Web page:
The Lens Shifting Letter: Equity in Climate Change and Coronavirus Responses


climate change Coronavirus crisis disadvantaged people disasters environmental justice inequality inequitable lesson pandemic socioeconomic status structural inequality

Hello! We at LensShift hope you are staying safe in these challenging times. It’s been awhile since we last wrote, and much in the world has changed. In the past several months, we’ve all become even more aware of our health, and how our actions and lack of action can affect people all across the globe.

Originally we were going to take the opportunity, on the 50th anniversary of Earth Day, to introduce some new resources on how societal inequities and injustices are exacerbated by the global responses (or lack thereof) to climate change. Then the novel coronavirus started to quickly disperse around the globe, focusing the world’s attention on combating the spread of the disease. Unlike climate change which is more chronic and insidious, with multiple culprits and a variety of local and global outcomes including illness, natural disasters like flooding and fire, and heat exposure; the coronavirus pandemic is an acute global catastrophe with a single, easily-identifiable primary causative agent. Yet, coronavirus is unlikely to kill as many people this year as the 7 million, as estimated by the World Health Organization (WHO), who are killed annually by air pollution, only one aspect of climate change.

On the other hand, we could not ignore the similarities between the two crises, and wonder if valuable lessons learned through the tragedy of the pandemic can be used to offer instruction in the longer term response to climate change. We hope so…

The effects of climate change are not distributed equally around the globe, and even in local communities the population does not suffer equally. Research has shown that disadvantaged populations suffer disproportionately, compared even to wealthier people in the same community, due to greater exposure and greater susceptibility to negative events, as well as less ability to recover. Governments and economists may be starting to recognize that top-down solutions created to mitigate global warming are ineffective if the less affluent need to shoulder a greater burden of sacrifice. A good reminder of this is the gilets jaunes movement in France where protesting working people eventually forced the government to revoke greatly increased taxes on fossil fuels among other reforms.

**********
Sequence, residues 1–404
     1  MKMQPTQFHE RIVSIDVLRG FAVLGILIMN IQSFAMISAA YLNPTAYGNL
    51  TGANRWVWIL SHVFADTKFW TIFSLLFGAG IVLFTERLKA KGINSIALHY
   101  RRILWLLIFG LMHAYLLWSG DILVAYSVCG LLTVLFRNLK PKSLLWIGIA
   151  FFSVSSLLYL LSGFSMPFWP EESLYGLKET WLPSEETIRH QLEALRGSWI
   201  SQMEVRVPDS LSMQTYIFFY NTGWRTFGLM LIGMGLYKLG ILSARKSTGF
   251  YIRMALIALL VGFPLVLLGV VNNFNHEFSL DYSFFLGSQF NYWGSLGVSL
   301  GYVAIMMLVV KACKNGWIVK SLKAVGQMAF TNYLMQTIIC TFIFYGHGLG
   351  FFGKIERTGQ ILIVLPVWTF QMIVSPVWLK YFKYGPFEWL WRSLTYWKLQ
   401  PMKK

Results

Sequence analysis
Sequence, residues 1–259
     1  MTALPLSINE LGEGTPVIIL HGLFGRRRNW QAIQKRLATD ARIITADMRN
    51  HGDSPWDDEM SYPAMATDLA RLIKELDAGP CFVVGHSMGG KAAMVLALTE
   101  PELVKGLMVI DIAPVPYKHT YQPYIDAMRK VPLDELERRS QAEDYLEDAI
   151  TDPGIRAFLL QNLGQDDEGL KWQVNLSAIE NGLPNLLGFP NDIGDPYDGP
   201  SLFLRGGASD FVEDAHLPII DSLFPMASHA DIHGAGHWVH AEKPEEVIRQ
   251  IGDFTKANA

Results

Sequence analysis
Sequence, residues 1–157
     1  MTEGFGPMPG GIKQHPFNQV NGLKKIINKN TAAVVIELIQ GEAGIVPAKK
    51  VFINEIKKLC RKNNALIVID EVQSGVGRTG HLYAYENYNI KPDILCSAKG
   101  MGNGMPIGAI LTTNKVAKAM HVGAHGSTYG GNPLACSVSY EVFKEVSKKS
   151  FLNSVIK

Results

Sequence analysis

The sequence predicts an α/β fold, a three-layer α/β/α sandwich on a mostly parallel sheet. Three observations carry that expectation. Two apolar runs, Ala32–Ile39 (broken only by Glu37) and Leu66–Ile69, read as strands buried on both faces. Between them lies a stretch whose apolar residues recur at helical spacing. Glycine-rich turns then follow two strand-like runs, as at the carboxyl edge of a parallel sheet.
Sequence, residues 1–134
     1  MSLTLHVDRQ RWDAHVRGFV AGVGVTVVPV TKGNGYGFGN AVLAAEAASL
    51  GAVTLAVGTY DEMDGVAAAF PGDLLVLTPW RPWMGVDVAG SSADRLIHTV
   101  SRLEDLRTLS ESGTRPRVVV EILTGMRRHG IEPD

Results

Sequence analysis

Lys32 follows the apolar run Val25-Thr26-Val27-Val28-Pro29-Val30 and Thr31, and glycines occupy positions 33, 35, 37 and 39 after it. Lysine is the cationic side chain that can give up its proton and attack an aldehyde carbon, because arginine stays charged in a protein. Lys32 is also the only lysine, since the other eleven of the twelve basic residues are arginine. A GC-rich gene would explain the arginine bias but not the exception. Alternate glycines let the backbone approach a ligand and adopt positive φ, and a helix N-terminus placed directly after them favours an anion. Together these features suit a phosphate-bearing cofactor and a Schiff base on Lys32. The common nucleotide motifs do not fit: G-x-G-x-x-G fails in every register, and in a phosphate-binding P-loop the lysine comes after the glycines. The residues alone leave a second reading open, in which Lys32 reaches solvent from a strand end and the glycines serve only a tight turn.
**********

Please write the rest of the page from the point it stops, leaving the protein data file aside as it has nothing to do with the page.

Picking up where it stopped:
While wealthier nations have been the biggest producers of climate changing carbon and other pollutants, and have experienced some negative effects of global warming; many countries facing the greatest economic and social challenges have felt far greater impacts. The rate and scale of climate change are particularly extreme in regions that suffered the greatest environmental and societal degradations from European colonial imperialism. In addition, climate change has already widened the economic inequality gap, hitting especially hard for those countries that have experienced mass relocations due to extreme weather events. 

In recent weeks, some commentators have pointed to inequalities in the response to the coronavirus pandemic and the disproportionate burden of the disease it causes (COVID-19) on economically, geographically, and socially disadvantaged people. These inequalities must be addressed if we hope to tackle coronavirus in an effective and just way.

The coronavirus pandemic is teaching us that we can act together to change the way we live and curb the effects of the climate crisis, while also reminding us that we need to make sure we continue to challenge the entrenched systems that act to exacerbate inequalities around the world. These systems, if left unchanged, will continue to threaten entire communities in the face of climate change. Global challenges require systematic changes. This global pandemic is offering us a chance to glimpse the upcoming changes needed in order to include and protect all individuals in the fight against climate change.

In closing, we’d like to offer a hearty welcome and many thanks to Helen, our newest research fellow! She bravely dove headfirst into these topics to find some compelling opinions on how the coronavirus pandemic could act to change our collective global trajectory.

Please stay well and safe.
With much gratitude,
The LensShift Team